With a blanket ban in the pipeline, is it time to put pavement parking to bed?
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Yes – Cllr Martin Tett – Transport spokesman, Local Government Association
Irresponsible parking can force pedestrians to step out into the street to get around parked vehicles. This is particularly challenging and dangerous for parents with prams, or blind or partially-sighted people, or people with mobility difficulties. It can also cause expensive damage issues to pavements and verges. Councils would like to have the option for a default ban, with the ability to allow pavement parking in certain circumstances, as is currently available in London. This would be simple and easy for everyone to understand. Councils would carefully consult with communities on the best parking provision for their area, enabling local authorities to better protect vulnerable pedestrians while providing a more consistent approach for all road users. As government reviews the option of an outright ban, there are other immediate measures it could take to tackle the problems and dangers that inconsiderate parking can cause, for example, outside schools. One solution is to add ‘obstruction of the highway’ to the list of contraventions for which civil enforcement applies. The use of more locally responsive solutions and secondary legislation, as advocated by PATROL (Parking and Traffic Regulations Outside London), would enable government to take immediate action on pavement parking, while considering the implications and feasibility of other approaches.
No – Neil Greig – Policy and Research Director, IAM RoadSmart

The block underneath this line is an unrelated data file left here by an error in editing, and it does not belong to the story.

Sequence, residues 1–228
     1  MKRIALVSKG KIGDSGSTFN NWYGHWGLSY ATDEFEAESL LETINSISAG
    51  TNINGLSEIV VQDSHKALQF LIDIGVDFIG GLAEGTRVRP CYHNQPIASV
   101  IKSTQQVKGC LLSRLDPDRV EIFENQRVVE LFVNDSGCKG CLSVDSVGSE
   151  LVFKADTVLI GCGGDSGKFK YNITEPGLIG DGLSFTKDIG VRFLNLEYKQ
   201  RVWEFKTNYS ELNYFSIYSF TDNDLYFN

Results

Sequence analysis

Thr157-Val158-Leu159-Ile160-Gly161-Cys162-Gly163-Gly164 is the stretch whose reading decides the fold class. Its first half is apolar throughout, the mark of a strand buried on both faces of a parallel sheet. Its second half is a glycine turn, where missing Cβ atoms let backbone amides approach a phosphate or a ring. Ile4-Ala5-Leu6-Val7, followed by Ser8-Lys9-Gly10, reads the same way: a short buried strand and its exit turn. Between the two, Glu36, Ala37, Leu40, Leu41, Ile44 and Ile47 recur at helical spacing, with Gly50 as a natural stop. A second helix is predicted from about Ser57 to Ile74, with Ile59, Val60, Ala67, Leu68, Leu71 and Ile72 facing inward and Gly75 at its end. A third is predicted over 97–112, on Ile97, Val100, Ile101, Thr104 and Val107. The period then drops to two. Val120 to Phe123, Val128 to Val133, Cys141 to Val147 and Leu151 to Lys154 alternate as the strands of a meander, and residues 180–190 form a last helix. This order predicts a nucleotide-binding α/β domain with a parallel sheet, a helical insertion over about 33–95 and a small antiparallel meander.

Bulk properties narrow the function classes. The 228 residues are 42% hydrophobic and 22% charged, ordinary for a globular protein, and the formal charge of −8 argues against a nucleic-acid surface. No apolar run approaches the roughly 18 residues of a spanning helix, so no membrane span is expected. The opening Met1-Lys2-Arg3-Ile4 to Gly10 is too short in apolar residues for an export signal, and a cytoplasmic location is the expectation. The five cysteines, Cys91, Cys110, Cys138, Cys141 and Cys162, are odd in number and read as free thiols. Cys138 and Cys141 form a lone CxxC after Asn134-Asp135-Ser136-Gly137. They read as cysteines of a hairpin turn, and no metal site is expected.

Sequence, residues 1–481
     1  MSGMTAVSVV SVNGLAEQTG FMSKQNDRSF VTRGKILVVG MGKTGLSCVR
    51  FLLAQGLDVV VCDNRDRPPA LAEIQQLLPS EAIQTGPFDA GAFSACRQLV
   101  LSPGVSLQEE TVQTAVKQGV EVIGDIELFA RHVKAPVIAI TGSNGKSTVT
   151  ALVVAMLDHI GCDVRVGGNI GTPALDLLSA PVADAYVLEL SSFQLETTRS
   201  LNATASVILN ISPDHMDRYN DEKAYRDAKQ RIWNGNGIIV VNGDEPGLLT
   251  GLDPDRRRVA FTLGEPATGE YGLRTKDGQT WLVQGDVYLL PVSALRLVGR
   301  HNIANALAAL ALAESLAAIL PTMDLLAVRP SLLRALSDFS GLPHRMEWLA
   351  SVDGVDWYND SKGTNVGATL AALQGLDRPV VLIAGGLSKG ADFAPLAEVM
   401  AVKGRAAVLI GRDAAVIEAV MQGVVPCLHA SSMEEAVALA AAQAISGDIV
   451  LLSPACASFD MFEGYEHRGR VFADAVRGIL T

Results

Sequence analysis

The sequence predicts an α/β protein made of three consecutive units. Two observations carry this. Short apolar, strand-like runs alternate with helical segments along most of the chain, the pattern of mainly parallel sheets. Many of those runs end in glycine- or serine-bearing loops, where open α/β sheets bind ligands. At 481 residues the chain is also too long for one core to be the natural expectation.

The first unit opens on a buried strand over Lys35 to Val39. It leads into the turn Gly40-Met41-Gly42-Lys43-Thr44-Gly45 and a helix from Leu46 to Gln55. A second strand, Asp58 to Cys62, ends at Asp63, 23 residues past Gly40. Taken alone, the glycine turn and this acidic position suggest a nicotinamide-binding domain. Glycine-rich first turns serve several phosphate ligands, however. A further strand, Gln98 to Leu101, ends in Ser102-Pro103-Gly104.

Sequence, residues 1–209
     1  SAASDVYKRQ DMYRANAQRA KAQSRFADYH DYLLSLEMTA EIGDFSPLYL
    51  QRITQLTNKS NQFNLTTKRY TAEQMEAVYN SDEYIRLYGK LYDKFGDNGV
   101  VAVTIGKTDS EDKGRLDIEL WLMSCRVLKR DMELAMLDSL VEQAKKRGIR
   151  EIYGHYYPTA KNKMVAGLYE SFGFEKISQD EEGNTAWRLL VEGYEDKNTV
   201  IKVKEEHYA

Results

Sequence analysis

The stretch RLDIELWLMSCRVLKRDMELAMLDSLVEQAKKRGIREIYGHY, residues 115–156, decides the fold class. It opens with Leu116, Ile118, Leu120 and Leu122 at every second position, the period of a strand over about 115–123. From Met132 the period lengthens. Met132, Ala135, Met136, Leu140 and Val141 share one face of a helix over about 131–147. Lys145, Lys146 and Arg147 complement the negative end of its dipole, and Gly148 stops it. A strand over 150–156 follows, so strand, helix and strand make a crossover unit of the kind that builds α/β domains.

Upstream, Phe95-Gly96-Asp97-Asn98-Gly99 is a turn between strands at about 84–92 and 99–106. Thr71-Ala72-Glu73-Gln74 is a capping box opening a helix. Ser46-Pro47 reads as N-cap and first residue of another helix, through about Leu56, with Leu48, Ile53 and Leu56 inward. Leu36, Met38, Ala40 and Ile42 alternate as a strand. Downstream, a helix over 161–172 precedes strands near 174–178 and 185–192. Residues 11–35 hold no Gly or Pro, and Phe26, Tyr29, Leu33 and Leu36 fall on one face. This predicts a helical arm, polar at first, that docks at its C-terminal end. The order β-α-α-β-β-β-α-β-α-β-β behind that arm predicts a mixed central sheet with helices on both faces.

A blanket ban on all pavement parking is yet another example of a broad-brush approach to an essentially local problem. Don’t get me wrong, IAM RoadSmart do not condone pavement parking and it would be an instant fail on your advanced driving test! However, in many places it has become an ad hoc community solution for the failure to match supply and demand for parking spaces. Selfish drivers who knowingly block footpaths and pavements for pedestrians, mums with buggies and those with disabilities, deserve to be ‘booked’, but historically it has often been seen as a positive thing to pavement park to allow access. Indeed, in some areas, councils actively encourage it by marking out the pavement for parking. If a ban was enacted it would require a huge effort by councils to survey and enforce, and potentially displace thousands of cars who would go off looking for safe parking elsewhere. In one part of Edinburgh it was estimated that 5,000 cars would be displaced by switching to parking down one side of the roads around Portobello beach! If councils can supply alternatives, then the move might be more palatable, but this seems very unlikely. In our view clarification of the law, consistent enforcement, education campaigns and better design of new residential areas are the best way forward.